MONTICELLO — After six months of discussion, the city council this week unanimously approved an amended animal ordinance that limits the kind and number of animals allowed within city limits.
Going into effect Jan. 1, it expands a ban on livestock to horses and most "beaked" animals except chickens (hens only). Residents are allowed six hens as long as the animal enclosure is 150 feet from neighbors' homes and 20 or more feet from the nearest lot line.
The issue is likely not over.
Cody Sanantonio, the owner of the Metamorphosis Montessori School in Monticello which houses a miniature horse, roosters and about a dozen chickens, has indicated she will test the new law in court. She declined to comment after Monday's meeting.
"It's a little closer to being resolved, but if there is a lawsuit, it could go on for years," said Monticello Mayor Chris Corrie. "But both sides think they are correct."
The issue came up in May when neighbors of the Montessori school complained about the smell produced by a pair of sheep Sanantonio used in her curriculum. When an exemption for the sheep was not granted, she found a home for the sheep and purchased a miniature horse, which was allowed under the former ordinance.
Roger Simpson, the local attorney representing the private school, said case law conflicts with the new law's non-conforming-use exemption, which makes allowances for a 75-foot setback between chicken coops and surrounding homes for those who already have the animals.
Simpson feels the law should also allow non-conforming uses for other animals that were allowed under the previous ordinance, including roosters and horses.
"There's considerable case law that says that non-conforming uses — uses that were once legal — can continue until such case they are abandoned by the owner, destroyed by the owner or changed in such a way they are no longer protected," said Simpson, who asked the council to "at least delay passage of this to see if my arguments have any weight."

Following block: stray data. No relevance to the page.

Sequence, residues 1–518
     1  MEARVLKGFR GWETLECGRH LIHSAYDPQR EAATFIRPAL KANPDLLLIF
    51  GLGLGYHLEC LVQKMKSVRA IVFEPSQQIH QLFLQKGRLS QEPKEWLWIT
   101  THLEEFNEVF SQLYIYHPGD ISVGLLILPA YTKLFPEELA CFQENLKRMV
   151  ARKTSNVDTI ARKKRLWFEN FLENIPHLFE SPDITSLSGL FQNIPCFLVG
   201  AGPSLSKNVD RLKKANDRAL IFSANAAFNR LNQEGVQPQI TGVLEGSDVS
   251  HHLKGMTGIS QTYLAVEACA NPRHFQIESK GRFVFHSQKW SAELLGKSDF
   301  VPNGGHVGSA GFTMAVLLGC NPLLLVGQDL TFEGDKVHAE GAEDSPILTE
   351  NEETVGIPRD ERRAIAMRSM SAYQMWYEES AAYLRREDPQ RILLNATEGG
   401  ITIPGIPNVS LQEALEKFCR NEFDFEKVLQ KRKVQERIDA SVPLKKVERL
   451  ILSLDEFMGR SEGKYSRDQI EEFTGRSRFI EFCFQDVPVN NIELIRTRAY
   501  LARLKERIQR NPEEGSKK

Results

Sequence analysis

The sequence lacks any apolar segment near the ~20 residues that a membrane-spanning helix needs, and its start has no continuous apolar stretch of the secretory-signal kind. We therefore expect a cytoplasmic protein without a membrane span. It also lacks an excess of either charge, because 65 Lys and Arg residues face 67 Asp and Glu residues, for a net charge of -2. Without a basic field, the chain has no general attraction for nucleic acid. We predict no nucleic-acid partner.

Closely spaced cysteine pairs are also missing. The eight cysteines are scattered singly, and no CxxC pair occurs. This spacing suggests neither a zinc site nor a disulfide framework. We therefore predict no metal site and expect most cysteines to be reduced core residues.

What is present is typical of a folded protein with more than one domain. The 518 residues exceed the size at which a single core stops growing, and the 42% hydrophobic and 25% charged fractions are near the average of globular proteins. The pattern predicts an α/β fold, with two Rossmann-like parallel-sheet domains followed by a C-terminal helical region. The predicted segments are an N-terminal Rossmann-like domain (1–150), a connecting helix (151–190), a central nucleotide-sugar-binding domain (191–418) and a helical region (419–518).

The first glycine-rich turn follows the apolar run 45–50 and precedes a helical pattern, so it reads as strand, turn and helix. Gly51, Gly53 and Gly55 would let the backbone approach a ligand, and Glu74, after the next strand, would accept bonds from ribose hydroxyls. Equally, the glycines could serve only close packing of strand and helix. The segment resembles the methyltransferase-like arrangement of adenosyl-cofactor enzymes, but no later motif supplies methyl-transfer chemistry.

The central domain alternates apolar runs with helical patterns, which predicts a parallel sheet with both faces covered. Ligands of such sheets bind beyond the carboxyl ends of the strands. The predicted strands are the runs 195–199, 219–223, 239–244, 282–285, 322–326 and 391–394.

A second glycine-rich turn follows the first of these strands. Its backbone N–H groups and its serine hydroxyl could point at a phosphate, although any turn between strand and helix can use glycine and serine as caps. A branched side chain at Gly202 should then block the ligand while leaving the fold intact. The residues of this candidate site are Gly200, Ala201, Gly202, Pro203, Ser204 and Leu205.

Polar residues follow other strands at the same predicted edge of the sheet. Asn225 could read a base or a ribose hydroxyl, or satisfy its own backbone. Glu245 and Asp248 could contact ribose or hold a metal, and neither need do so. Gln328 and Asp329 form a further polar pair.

City attorneys dismissed his claims.
"It's a distinct power of municipalities to control animals," said Dereke Price of Diamond, Bush, DiCianni and Krafthefer of Naperville, adding that his research shows that right even precedes zoning rights.
"We cited four different sources of that power (to control animals) in the ordinance, and it all precedes zoning. Before the time of Abraham Lincoln, animals running amok in town was a problem," added Price.
In the public portion of the meeting, Stacy Cribbs said she realized "you can't please everyone" but was "disappointed" only one council member visited the school before voting Monday.
"You didn't look at the facts," Cribbs said. "You were not able to make an informed decision."
On the other side of the issue, neighbor Nancy Brazas urged the council to vote on the issue "so we can be done with it. It's gone on long enough." She said the dispute had caused problems between neighbors and fellow citizens, and that it was time to "rip the Band-Aid off."
The law goes into effect Jan. 1, 2013. Residents who currently have animals that are allowed have until January 2014 to comply. Those who have chickens can apply for a non-conforming animal certificate only for the 150-foot setback for chickens, but if allowed would still need to limit the number to six hens and meet the 20-foot setback between enclosures and neighbor lot lines.